Skin cancer is the most prevalent type of cancer. One in five Americans will develop skin cancer in the course of his or her lifetime.
There are three main types of skin cancer: basal cell carcinoma, squamous cell carcinoma, and malignant melanoma. The first two are slow-growing and easy to treat, but malignant melanoma is a dangerous, fast-growing cancer that spreads very quickly. The incidence of melanoma is rising faster than that of any other cancer.
Melanomas typically change shape or color as they grow. Any spot that changes color or shape should be reported to your provider.
The majority occur on the head, neck, arms, and back, whichever skin is most exposed to sunlight.
Most melanomas are very dark or black, but they can sometimes be lighter brown or even speckled. The surface is usually raised and sometimes rough. They are not normally circular in shape, but some can be nearly circular. In early stages, melanomas often look like moles but with a ragged outline or different shades of color. They may also bleed or ooze.
Basal Cell Carcinomas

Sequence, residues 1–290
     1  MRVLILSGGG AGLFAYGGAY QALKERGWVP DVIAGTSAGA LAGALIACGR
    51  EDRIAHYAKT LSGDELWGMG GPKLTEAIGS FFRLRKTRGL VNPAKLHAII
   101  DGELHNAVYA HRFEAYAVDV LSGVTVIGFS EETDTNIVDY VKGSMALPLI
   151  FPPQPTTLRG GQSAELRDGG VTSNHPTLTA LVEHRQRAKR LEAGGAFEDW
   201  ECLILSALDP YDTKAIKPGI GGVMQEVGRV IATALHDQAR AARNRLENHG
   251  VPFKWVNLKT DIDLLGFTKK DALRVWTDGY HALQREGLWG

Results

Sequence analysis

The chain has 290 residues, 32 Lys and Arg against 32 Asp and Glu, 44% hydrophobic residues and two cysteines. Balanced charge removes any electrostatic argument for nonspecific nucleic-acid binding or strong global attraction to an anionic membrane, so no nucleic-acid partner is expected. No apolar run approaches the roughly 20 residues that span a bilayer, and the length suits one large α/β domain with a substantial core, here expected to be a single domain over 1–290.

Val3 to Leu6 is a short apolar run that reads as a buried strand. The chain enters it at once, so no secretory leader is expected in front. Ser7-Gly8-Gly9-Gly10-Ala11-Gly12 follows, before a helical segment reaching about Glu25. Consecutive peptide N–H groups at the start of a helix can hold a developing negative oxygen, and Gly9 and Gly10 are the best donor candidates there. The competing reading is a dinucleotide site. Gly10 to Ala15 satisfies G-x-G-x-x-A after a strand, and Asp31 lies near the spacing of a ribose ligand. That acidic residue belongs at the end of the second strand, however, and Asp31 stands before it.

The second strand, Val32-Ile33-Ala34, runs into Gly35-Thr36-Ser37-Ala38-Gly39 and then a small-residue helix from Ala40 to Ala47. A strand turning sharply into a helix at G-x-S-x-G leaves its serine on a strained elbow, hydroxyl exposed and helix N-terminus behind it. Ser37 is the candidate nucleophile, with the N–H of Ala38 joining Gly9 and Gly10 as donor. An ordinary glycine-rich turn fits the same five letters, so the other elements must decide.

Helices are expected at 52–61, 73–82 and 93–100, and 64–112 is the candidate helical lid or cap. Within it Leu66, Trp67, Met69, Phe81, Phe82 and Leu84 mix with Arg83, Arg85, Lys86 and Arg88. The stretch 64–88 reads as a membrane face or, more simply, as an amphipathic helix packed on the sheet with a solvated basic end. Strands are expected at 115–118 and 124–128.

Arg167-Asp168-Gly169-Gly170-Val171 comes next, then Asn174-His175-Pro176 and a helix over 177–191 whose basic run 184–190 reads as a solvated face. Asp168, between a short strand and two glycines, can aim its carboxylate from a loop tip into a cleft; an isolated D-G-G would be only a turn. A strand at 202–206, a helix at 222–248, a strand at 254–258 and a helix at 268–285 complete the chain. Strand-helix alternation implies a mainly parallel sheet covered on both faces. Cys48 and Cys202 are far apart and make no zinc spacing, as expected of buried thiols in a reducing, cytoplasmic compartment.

The majority of basal cell carcinomas occur on the face. They start as a small, pink, pearly, or waxy spot, often circular or oval in shape and growing into a raised, flat spot with a rolled edge. They may also develop a crust.
Eventually they will begin to bleed from the center and a rodent ulcer develops.
If left long enough, a carcinoma can become quite large and eat away the skin and tissue below.
Squamous Cell Carcinomas
Squamous cell carcinomas are most common on the limbs, head, and neck.
They are pink and irregular in shape, usually with a hard, scaly surface. They can sometimes develop into an ulcer. At times, the carcinoma's edges are raised and can be tender to the touch.
More than 90% of all skin cancers are caused by sun exposure, yet fewer than 33% of the population routinely uses sun protection. Regular sun protection throughout childhood can reduce the risk of skin cancer by 80%. Because 60% to 80% of the sun’s rays penetrate through clouds, you should protect yourself even when the weather is cloudy.
Avoid being in the sun, especially between the hours of 11 a.m. and 3 p.m. If you will be in the sun for any length of time, wear a sun block of SPF 30 or higher. You should also wear a wide-brimmed hat to protect your face, neck, and ears. Do not use tanning beds or sunlamps.
Check your skin every month for signs of skin cancer. If you see an area on your skin that looks unusual, ask your provider about it.